“To know our capacity of nonviolence, we must know our capacity of violence.” – Mahatma Gandhi

And then… The world got very different. I joined the other women on the plane raising my scarf and positioning it cover all but my face before descending the stairs to the tarmac. The police requested that Jesse put the camera away so we did not film our entry into Afghanistan. Customs was quite easeful and soon we were in the parking lot being greeted by a tall smile named Said Agha. Said will be our driver while we are here. He is the brother of Khan who is the organizer of the NVC trainings. The drive from the airport to The Naween Guesthouse actualized our journey. Was it the sand and dirt that define the landscape of Kabul? Or was it the military presence? Or was it the family of three: a father with no eyes and a mother in a Burqa holding a solem toddler tapping on the glass of our vehicle? Or maybe it was the ease with which Said navigated through the chaotic traffic of cars, bicycles and people? Or the little girl running along side our van asking for something so she could eat? My small epiphany on this ride was that there is no way to judge this country. I found myself asking how could anyone comment about what Afghanistan is like or what the people here could possibly need without seeing it first hand. I am curious how anyone could comment with any certainty about the situation here by only having his or her information siphoned through CNN or NPR. Beginner’s Mind is the only thing that came immediately to me as a response to all I was taking in on our ride.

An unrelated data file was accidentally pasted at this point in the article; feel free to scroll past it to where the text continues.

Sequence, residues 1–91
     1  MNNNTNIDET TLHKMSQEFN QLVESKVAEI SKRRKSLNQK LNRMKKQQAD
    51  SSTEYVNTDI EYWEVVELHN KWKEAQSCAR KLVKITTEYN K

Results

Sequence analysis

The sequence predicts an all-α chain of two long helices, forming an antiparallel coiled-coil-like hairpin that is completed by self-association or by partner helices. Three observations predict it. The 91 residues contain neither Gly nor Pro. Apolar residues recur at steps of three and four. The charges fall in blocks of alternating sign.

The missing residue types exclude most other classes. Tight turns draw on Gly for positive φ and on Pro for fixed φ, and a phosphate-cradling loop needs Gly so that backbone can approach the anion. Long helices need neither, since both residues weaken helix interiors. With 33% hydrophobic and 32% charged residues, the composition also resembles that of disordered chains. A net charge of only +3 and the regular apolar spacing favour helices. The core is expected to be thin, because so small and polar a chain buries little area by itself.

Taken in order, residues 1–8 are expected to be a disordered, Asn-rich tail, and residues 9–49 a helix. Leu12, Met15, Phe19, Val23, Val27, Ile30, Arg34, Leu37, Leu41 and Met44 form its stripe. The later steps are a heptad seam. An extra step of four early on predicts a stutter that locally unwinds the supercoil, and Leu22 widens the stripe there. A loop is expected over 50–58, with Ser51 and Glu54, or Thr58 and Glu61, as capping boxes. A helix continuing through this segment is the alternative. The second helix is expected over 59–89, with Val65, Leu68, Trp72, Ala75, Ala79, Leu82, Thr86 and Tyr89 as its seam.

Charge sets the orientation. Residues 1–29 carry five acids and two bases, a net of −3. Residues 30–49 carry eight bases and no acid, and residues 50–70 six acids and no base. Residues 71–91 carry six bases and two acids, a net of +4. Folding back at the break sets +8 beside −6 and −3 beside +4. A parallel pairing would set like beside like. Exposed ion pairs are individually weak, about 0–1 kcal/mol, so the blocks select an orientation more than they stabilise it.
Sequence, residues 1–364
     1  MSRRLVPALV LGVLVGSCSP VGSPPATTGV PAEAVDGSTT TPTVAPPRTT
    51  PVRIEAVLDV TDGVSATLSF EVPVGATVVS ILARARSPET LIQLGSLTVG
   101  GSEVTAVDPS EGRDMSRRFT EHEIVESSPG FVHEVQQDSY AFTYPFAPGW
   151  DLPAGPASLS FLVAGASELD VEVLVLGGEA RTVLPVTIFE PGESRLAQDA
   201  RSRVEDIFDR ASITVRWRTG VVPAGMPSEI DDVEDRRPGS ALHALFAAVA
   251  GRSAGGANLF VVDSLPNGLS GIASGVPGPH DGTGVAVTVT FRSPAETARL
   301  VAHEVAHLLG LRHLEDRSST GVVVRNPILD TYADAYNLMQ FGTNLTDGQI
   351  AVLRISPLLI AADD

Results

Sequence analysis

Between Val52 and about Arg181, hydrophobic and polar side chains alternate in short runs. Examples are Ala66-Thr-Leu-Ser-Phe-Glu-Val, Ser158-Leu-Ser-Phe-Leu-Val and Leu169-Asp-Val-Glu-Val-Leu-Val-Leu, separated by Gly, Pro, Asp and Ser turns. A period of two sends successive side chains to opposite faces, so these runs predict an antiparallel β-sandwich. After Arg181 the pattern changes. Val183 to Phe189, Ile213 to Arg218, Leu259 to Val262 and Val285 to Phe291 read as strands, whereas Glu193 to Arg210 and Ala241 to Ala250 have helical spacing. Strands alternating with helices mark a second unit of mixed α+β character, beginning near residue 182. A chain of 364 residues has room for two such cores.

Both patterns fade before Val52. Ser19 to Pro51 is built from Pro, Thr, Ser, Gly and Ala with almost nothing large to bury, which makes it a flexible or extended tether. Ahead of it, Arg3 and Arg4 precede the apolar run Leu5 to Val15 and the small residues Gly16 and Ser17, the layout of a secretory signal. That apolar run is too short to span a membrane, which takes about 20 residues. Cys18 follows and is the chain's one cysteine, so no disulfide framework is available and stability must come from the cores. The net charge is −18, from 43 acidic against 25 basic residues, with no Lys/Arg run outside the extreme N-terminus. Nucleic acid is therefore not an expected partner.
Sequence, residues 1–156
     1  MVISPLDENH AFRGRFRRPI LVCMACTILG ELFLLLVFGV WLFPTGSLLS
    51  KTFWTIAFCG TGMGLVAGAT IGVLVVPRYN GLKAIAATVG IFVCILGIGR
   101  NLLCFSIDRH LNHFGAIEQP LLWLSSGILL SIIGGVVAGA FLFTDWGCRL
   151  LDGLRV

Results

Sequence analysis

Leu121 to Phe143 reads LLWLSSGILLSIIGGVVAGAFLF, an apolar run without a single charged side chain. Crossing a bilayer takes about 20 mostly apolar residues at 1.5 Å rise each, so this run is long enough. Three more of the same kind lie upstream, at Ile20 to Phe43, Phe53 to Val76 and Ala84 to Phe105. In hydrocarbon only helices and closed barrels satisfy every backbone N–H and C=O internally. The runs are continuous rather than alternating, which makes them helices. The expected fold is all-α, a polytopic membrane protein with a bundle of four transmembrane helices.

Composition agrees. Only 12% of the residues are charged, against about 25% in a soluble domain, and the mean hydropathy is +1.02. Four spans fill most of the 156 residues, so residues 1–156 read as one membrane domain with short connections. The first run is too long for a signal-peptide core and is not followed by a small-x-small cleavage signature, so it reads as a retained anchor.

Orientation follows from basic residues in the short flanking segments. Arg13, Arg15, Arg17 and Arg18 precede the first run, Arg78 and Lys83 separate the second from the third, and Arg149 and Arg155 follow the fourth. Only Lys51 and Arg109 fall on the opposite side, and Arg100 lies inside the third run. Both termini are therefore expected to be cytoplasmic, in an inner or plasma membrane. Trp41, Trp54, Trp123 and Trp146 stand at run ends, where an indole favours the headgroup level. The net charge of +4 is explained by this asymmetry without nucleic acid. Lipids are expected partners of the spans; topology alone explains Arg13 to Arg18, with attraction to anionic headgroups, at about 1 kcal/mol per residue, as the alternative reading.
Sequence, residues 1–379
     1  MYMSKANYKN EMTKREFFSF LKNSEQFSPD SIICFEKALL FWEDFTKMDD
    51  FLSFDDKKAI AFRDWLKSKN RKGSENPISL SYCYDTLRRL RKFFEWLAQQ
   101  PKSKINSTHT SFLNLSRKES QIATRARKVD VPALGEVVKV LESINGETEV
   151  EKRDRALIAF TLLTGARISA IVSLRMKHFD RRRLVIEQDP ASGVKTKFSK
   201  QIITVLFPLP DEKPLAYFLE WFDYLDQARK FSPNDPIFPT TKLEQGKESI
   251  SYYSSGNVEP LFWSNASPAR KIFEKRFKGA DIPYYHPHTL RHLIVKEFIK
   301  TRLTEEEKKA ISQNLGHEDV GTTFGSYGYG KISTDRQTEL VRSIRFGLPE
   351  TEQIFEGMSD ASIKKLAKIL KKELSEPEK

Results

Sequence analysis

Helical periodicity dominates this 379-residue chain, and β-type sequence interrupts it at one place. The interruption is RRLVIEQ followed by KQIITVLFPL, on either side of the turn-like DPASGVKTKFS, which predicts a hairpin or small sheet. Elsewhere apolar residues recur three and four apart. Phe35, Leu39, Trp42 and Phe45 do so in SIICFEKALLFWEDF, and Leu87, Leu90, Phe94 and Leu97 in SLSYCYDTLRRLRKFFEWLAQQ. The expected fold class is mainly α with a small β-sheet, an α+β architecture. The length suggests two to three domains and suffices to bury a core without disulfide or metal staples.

“In the beginner’s mind there are many possibilities, but in the expert’s mind there are few.” - Shunryu Suzuki


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From the air: vast deserts, as far as the eye can see, dusty hard-edged mountains, and dry, dry, dry.  On the flight over, I was reading the biography of Badshah Khan, the “Frontier Gandhi”, a Pashtan (I believe I read that 40% of Afghan people are Pashtan) who raised up...

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False start

Al Hijaz Motel
(photo: Al Hijaz Motel - a homey place far from home)

And then... Tuesday, October 30

A huge heartfelt thanks to Louise Deerfield and Marrriot Hotels for the generous donation of a room as we got an amazing night’s rest in Dubai last night. Gratitude for sleep really hit us once we realized we had set our clock 30 minutes off and the piece of paper we had with our flight information to Kabul was 30 minutes off as well. With rested minds it only took 10 minutes staring dumbfounded at each other to integrate the fact we had missed our flight to Kabul. Now really begins the practice of walking our talk about walking in the dark. After Jesse spoke with the Pamir agent we finalized that we would try again tomorrow at 5:30 AM to fly out (6 hours from now as I write this!).

The extra day in Dubai turned out to be more needed than we could have anticipated.

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New Mindfulness & NVC guidebook

Catherine’s TEDx Talk

Stories of Nonviolence in Education